What does osteopathic treatment actually include? As an Edinburgh osteopath for 28 years now, I think I’m fairly well-qualified to answer your question…
But first, “What is osteopathy?”
First, it’s worth a brief definition of what osteopathy is. The below definition is straight from the Institute of Osteopathy’s website:
Osteopathy is a method of assessing, treating and preventing a wide range of health problems. Osteopaths use a combination of movement, stretching, targeted deep tissue massage and manipulation of a person’s muscles and joints to improve function, relieve pain and aid recovery.
What can osteopaths help?
As mentioned in the definition above, we address a wide range of health problems. At Active X Backs we have chosen to specialise in lower back pain and sciatica. I used to say that I cover everything from headaches to sore big toes and everything in between. Some osteopaths specialise in children’s problems. Some osteopaths specialise in a number of other areas, from headaches, to respiratory problems and digestive problems. There aren’t recognised specialisms in osteopathy the way there are in medicine. We don’t have Royal Colleges of this that and the other. And this can be a problem when you’re trying to work out how well-qualified or experienced an osteopath is. And whether they have a good claim to be a specialist in any of these fields.
So what does osteopathic treatment include?
Put another way, what techniques do osteopaths use? Osteopathy has always been a manual therapy. We rely on the laying on of hands to effect changes in the body. These techniques include a range of approaches, each trying to affect a particular “tissue” or groups of tissues. Tissues are muscles, ligaments, tendons, bones, fascia etc.. So, techniques are chosen based on what effect we want to have on which tissues. If you have tense muscles we would employ “soft tissue techniques”. There are a wide range of these. If you have stiff joints we would articulate/mobilise those joints and possibly even use High Velocity Thrust techniques. HVT is one of the more memorable techniques; it’s when your joints “pop” or “crack”.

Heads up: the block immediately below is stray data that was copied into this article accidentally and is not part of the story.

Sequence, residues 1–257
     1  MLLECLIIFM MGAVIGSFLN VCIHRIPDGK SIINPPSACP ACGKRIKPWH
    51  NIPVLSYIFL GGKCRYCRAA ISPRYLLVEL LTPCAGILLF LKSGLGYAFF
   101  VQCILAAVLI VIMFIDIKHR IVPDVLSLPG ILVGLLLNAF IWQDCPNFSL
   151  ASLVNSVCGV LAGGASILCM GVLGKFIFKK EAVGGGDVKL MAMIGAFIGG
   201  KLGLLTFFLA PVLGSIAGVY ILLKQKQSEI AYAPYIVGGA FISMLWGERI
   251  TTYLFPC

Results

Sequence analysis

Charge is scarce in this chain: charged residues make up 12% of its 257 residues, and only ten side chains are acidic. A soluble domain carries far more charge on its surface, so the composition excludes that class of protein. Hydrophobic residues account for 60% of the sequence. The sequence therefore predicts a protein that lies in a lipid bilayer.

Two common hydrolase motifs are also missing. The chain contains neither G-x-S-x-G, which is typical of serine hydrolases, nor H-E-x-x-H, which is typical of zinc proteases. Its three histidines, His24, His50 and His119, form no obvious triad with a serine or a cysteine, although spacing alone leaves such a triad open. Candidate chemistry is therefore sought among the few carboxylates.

There are other techniques such as Craniosacral osteopathy, which entails very subtle pressures most commonly applied to the head and tail bone. Someone once said that there are as many osteopathic approaches as there are osteopathy. A reflection of the diversity of practice, which some think is good, some not so good.
Other components of the osteopathic approach
In keeping with most forms of rehabilitative medicine, osteopaths are increasingly involved in the prescription of exercises and lifestyle advice. Many problems, including lower back pain and sciatica are lifestyle-related. So apart from actual osteopathic treatment, you should definitely expect a fair bit of coaching in how to get better and stay better!
If this sounds like what you’re after, book an osteopathy appointment in Edinburgh.